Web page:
Boards, investors and employees pay close attention to the first strategic moves a new leader makes.
Most newly appointed CEOs have felt under pressure to quickly figure out which way to take the business, which critical issues to focus on, and how to get commitment from both inside and outside the company.
Early on, CEOs usually focus on a few bold moves such as M&A targets, changing the management team, and launching new businesses and products. However, organisational redesigns are challenging for all companies and a CEO’s effectiveness is heavily dependent on the people they surround themselves with.
For these reasons, before launching swift and daring initiatives, new leaders should put their efforts into thoroughly understanding the current state of the company they are now leading, how engaged or disengaged employees are and what improvements are required by each department within the company.
You need to balance your existing team with the business outcomes you want to deliver. The team might already be engaged and dedicated to driving growth, but they might have issues with the technology they use or the company’s products. You won’t know what employees need unless you ask and assess the wider business context.
Listen to your employees
This step is critical for any CEO. No matter how smart and innovative their development strategies are, without a dedicated and supportive team progress will be hindered and results will be below stakeholders’ expectations. At this stage it is critical to find the right solution that can scan employee engagement and reveal potential issues in a matter of minutes.
Nowadays, there are many diagnostic tools that can efficiently assess your organisation, but the essential features you need to look for are confidentiality and anonymity. Employees need to feel secure when they provide insight and feedback. In this way, you’ll learn their honest views and not what they think you want to hear.
One of the most common mistakes CEOs make is to surround themselves with people who tell them what they want to hear rather than what they need to know. Uncompromised data is critical to making good decisions.
Encourage your employees to identify the difficulties and dysfunctions encountered in their work and ask them to propose improvement initiatives. Employees feel their voice and opinions matter and you’ll get an accurate view of what tactical improvements are needed. At the same time, you might discover a new strategic direction you haven’t considered before.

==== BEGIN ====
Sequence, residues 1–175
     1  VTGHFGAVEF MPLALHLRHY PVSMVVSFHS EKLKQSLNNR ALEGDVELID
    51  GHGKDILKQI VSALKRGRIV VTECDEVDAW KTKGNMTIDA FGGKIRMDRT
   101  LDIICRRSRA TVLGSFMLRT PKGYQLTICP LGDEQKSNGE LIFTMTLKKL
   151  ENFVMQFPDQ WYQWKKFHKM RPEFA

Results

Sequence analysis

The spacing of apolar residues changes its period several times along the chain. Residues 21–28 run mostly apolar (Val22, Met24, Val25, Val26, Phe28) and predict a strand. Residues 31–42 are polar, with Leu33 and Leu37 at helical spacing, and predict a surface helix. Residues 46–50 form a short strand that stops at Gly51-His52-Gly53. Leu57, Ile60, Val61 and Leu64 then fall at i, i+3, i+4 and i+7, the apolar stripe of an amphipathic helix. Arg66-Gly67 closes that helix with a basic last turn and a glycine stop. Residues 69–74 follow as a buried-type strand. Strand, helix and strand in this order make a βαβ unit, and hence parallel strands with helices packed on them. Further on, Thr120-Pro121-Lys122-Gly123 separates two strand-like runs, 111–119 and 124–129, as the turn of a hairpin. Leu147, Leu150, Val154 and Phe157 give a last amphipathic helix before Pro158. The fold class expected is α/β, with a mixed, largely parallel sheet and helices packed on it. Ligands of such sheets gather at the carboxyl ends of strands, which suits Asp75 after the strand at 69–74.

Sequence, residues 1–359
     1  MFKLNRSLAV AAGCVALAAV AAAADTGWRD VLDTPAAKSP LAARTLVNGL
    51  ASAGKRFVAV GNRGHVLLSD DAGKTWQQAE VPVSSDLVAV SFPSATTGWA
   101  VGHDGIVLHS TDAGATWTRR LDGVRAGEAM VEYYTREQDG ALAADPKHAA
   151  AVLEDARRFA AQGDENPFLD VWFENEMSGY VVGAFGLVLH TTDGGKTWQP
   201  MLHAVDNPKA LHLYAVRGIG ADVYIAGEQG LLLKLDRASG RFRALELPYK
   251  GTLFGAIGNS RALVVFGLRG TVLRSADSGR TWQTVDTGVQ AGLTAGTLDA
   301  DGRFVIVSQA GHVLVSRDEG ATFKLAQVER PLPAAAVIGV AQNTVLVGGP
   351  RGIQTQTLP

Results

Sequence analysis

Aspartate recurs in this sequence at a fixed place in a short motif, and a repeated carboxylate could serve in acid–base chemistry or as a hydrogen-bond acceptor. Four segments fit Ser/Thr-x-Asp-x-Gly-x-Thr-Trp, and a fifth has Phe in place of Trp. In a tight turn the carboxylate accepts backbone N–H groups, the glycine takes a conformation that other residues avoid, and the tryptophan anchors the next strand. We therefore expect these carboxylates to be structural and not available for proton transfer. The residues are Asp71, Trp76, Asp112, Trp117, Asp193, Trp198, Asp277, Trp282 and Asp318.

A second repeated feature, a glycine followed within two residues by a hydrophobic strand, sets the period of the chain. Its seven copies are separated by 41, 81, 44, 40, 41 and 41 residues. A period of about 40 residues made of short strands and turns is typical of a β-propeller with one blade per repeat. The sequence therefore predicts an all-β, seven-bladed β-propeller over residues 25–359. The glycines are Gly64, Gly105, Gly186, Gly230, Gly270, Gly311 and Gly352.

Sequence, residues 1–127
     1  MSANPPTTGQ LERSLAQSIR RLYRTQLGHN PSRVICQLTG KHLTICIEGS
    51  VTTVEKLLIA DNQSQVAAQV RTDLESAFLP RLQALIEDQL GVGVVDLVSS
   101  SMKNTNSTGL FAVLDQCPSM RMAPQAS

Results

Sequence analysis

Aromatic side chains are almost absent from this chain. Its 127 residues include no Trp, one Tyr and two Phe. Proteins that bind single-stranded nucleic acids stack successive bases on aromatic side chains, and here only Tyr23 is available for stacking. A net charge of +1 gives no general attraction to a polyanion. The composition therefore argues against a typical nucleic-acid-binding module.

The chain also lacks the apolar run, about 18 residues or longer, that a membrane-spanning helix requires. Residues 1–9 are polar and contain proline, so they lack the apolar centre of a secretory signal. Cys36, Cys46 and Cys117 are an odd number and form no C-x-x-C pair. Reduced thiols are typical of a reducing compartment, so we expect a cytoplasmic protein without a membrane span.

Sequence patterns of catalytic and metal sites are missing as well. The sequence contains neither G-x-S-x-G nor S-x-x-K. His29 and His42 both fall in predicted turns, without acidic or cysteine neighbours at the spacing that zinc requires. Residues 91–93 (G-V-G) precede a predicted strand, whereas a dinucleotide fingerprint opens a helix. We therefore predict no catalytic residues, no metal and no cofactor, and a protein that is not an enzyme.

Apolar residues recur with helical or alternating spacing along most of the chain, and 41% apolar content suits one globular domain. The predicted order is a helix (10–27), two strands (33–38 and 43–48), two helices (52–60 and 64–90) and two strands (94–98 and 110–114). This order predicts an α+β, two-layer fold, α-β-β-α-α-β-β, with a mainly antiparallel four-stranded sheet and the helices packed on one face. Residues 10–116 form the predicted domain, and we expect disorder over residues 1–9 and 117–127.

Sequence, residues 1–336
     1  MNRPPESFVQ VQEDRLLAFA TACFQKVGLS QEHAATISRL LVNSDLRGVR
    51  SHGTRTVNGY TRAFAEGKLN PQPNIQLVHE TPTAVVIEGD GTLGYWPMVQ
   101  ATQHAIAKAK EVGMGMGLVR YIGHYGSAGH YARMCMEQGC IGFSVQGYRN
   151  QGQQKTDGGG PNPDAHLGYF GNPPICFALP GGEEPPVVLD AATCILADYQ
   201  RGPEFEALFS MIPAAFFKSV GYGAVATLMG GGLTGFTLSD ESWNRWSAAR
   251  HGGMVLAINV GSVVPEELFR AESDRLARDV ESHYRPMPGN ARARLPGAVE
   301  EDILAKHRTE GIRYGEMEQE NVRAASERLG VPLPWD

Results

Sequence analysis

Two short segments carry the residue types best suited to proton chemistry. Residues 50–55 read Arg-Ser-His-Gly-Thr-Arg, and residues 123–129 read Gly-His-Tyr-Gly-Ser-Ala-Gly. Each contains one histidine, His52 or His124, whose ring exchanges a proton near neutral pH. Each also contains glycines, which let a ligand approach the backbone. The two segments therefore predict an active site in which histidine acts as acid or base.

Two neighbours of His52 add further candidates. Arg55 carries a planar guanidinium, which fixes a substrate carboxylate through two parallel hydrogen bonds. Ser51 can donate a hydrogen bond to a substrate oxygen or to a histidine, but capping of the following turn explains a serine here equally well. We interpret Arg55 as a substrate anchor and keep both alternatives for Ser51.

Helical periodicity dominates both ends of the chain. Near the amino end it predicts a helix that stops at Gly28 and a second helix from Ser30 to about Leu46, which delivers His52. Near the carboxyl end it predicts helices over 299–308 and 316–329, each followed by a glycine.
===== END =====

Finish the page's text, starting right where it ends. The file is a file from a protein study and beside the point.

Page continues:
There are plenty of management books and high-priced consultants that can give you countless ideas about ‘successful’ development strategies and how to quickly grow your business, but presuming what worked for one company can deliver similar results for your company is a high-risk approach. Your employees know the company better than any consultant and can become a priceless source of strategic insight. Also, bear in mind, employees whose ideas are repeatedly ignored may quit and take their ideas with them.
Once you have figured out what your employees need to become successful and you have put in place an effective and agile management process, you can launch the strategic actions aimed at delivering superior performance.
Another important step that will boost your odds of success as a new chief-executive is finding someone qualified to mentor you and isn’t afraid to provide critical advice when necessary.
Being able to speak openly about the challenges you face in the new role and potential strategies you’re considering could have a significant impact on your ability to further develop your leadership skills. An effective mentor will be able to provide the ‘outsider perspective’ when evaluating challenges and opportunities, aspects that most of us tend to lose sight of when involved in day-to-day activities.
At the end of the day, a successful CEO knows that:
Employees are his/her most valuable assets
They don’t need to do everything alone
There isn’t an ‘official’ playbook for chief-executives that ensures success and they need to understand and adapt to the environment of each company they lead
The best CEOs are often defined by the fact that their people would do anything for them voluntarily. The worst CEOs are defined by employees who throw a party when they leave. What kind of CEO do you want to be?
Foot note - article originally written for Fresh Business Thinking and published in January 2017